It’s been a long time coming but finally the government are beginning to listen up to the concerns voiced by small to medium sized enterprises (SMEs) in regards to business rates. The out-dated, unfair and rather ridiculous business rates system has caused a number of problems for businesses big and small, including the clients we represent and assist with our long list of accounting services. A recent survey by Close Brothers Asset Finance however has revealed the true scale of the issue.
The study found that some two-thirds (71% to be precise) of SMEs would like the business rates system to be simplified to quash some of the issues being faced by start-up companies and established market leaders. The research also found that almost half of the SMEs surveyed thought the government wasn’t doing enough to assist UK companies with business rate problems, including the provision of business rates relief. Here at Hurren & Co, we aim to make it easier for businesses and sole traders to successfully manage their finances. Whilst our range of accounting services help our clients save time and money, it is up to the government to finally sort their business rates system out for good.
In this blog post, we take a look at the problem with business rates and what could be done to provide relief for struggling SMEs.
The problem with business rates
Business rates have been a prickly issue for business owners and managers for as long as we can remember. With many regions facing over taxing, these rates have made it impossible for some companies to do business with high rates and rents putting a major drain on already tight budgets.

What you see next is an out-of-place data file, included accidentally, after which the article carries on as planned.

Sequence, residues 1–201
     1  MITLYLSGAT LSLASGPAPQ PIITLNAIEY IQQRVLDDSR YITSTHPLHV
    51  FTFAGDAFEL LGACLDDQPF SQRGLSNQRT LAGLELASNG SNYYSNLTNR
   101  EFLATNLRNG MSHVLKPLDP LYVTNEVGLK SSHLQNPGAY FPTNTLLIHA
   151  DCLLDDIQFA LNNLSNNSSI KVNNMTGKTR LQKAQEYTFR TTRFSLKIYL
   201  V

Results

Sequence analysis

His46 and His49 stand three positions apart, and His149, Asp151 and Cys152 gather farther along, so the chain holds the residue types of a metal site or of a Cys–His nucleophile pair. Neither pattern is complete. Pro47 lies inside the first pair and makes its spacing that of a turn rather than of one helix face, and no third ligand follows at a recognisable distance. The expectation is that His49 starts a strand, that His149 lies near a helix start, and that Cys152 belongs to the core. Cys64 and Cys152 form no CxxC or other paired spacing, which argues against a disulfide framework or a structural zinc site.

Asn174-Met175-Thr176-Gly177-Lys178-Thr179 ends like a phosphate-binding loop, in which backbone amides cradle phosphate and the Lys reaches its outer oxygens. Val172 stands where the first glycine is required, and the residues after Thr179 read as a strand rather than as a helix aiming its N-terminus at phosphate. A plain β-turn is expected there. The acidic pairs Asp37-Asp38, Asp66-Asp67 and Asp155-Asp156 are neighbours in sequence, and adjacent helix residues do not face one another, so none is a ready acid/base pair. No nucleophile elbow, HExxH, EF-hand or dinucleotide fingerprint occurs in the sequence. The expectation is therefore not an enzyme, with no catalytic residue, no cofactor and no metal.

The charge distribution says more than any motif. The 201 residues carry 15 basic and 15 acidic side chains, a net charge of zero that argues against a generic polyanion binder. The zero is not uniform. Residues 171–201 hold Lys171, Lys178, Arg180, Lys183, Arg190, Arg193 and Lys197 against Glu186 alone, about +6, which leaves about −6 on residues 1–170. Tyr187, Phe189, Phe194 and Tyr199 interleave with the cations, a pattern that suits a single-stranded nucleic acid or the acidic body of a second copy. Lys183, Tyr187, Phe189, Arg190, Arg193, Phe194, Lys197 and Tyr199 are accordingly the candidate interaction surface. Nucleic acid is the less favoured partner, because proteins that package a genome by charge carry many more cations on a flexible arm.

The government made several commitments back in 2016 to combat the unfairness and expense of business rates. As well as plans being approved to allow councils to retain 100% of business rate proceeds (rather than 50%) by April 2020, the government pledged to reduce the burden of business rates by £6.7 billion over a period of five years. Two years on however, businesses are facing the same longstanding issues.
What businesses want
A call for clarity is what is most prominent from the findings of the latest research and the picture painted by SMEs experiencing troublesome business rates first-hand. Chancellor of the Exchequer Philip Hammond has responded to some campaigns that call for the reform of rates. The latest outcry from the business world has resulted in the business rates revaluation being brought forward by one year, from 2022 to 2021, which is a small win for SMEs across the country.
Need help with your business rates? Let our accounting specialists advise you on the latest legislation by getting in touch with us today.